Minimal data maintained for classified info, MHA tells HC on plea on e-surveillance

The Ministry of Home Affairs (MHA) has told the Delhi High Court that lawful interception-related records are categorised as highly classified documents and minimal data is maintained for such classified information.

Responding to a petition about the disclosure of information on state-sponsored electronic surveillance under the Right To Information (RTI) Act, the union ministry said the Cyber and Information Security (CIS) Division does not maintain any statistical data related to lawful interception and monitoring as such records are not required for any functional purpose.

Seeking dismissal of the petition, it said the relevant acts and rules are in public domain and petitioner Apar Gupta must be aware that all records pertaining to lawful interception are destroyed every six months by the MHA after review of directions by the review committee and if not required for any functional requirement.

“It is submitted that the lawful interception and monitoring is carried out by the authorised law enforcement agencies with due permission of the competent authority if required in the interest of sovereignty and integrity of the country, security of the state, public order or incitement of an offence, under the legal provisions ,” the MHA said in its affidavit filed in response to the petition.

It further said, “Therefore, it is unreasonable for the petitioner to expect the record for a period of two years and thereafter, level allegation that the respondent had been allowed for purported destruction of records and to belatedly change their stance to a new claim that data could not be disclosed since the records had been destroyed.”

The matter came up before Justice Subramonium Prasad who listed it for hearing on October 16.

Petitioner Apar Gupta, co-founder and executive director of Internet Freedom Foundation (IFF) and also a lawyer, had in December 2018 filed six applications under the RTI Act seeking details of the number of orders passed under Section 69 of the Information Technology Act granting permission for electronic surveillance during a certain period.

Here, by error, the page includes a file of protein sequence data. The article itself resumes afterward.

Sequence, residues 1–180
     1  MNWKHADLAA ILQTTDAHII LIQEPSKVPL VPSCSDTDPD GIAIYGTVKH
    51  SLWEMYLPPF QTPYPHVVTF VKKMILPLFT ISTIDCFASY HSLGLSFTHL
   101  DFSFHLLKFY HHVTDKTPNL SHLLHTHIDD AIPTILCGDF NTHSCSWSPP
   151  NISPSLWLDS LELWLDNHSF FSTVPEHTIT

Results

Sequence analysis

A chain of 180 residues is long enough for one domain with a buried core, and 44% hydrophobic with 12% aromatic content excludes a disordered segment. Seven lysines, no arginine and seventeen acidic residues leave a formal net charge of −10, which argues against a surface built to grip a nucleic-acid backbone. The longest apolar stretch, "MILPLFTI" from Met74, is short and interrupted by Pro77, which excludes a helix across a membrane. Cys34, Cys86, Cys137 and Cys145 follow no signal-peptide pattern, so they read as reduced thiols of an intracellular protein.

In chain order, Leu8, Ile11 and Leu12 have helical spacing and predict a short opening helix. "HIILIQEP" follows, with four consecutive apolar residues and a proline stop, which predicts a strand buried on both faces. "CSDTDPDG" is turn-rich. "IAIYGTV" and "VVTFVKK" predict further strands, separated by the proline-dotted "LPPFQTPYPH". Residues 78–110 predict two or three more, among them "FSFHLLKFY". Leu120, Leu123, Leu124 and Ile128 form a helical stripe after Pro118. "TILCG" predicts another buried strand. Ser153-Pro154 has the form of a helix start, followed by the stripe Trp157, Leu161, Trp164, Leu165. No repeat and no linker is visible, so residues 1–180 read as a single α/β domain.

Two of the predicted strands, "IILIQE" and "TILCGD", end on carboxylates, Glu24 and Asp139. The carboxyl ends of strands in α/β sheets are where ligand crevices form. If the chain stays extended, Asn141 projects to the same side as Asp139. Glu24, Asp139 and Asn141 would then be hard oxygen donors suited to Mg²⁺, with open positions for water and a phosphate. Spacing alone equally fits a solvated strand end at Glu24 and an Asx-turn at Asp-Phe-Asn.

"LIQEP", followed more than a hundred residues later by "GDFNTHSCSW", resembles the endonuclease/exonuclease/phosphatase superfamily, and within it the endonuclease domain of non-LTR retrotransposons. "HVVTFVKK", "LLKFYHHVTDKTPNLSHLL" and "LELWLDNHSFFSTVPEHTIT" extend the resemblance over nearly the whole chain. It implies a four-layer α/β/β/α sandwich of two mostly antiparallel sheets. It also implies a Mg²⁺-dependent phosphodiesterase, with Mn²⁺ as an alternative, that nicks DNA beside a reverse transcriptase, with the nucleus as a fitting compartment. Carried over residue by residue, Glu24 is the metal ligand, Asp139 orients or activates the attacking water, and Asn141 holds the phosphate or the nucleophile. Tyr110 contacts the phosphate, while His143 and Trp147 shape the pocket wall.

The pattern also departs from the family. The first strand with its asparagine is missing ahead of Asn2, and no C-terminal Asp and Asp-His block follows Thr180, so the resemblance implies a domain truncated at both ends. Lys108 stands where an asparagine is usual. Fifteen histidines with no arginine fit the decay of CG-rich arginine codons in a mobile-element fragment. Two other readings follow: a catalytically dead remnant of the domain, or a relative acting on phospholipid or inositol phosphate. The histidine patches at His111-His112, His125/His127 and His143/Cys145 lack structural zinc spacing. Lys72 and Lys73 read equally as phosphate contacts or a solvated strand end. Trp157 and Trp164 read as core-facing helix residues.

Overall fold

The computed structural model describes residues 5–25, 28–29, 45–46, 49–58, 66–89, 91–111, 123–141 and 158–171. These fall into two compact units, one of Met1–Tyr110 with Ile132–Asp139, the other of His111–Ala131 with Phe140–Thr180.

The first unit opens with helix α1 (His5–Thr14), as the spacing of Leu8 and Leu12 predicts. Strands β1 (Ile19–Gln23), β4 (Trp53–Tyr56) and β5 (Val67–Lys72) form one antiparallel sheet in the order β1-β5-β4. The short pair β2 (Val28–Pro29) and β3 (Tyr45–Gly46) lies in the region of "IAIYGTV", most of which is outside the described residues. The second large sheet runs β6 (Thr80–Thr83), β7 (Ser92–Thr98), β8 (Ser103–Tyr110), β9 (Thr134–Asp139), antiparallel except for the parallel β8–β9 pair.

The Centre was represented through standing counsel Anurag Ahluwalia.

The ministry, in its affidavit, said monthly reports are submitted to the office of the competent authority by the authorised security and law enforcement agencies containing information of secret nature regarding the outcome of ongoing investigation and other operations, for which authorisation is sought under the law.

In July last year, the high court had given six weeks to the Centre to file its reply to the petition which challenges a Central Information Commission (CIC) order refusing to direct disclosure of certain data on state-sponsored electronic surveillance.

The petitioner said while deciding his second appeal under the RTI regime, the CIC proceeded upon an erroneous understanding of the law and failed to sufficiently examine the “belated” averment of the MHA that the data sought had been destroyed and no longer available.

The counsel appearing for the petitioner had earlier submitted that he was only seeking the statistical data on “how many times” interception was resorted to and nothing else.

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In the petition, filed through lawyer Vrinda Bhandari, the petitioner has informed that according to the Centre Public Information Officer’s (CPIO) stand before the CIC, the home ministry did not maintain any statistical information related to lawful interception and monitoring, but did not cite any statutory provision or even an internal policy that supports its stand.

“No personally identifiable information was sought in the RTI queries. The petitioner did not ask for details of specific interception orders or the identity or profile of the targeted individuals, but instead sought anonymous and aggregate figures to understand the extent of state surveillance. Further, the queries relate to data that the respondents ought to have in their possession, since only the MHA is empowered to issue such orders,” the petition has said.

It said that in 2019, the CPIO had disposed of the petitioner’s requests for information, stating that the disclosure of information related to lawful interception/phone tapping/monitor or decrypt, is exempted under section 8(1)(a), 8(1)(g) and 8(1)(h) of the RTI Act and the same was subsequently not interfered with by the First Appellate Authority.

The petition also seeks guidelines and directions to prevent destruction of information sought in RTI proceedings on account of the absence of rules or practices on weeding out of documents during the pendency of RTI proceedings.

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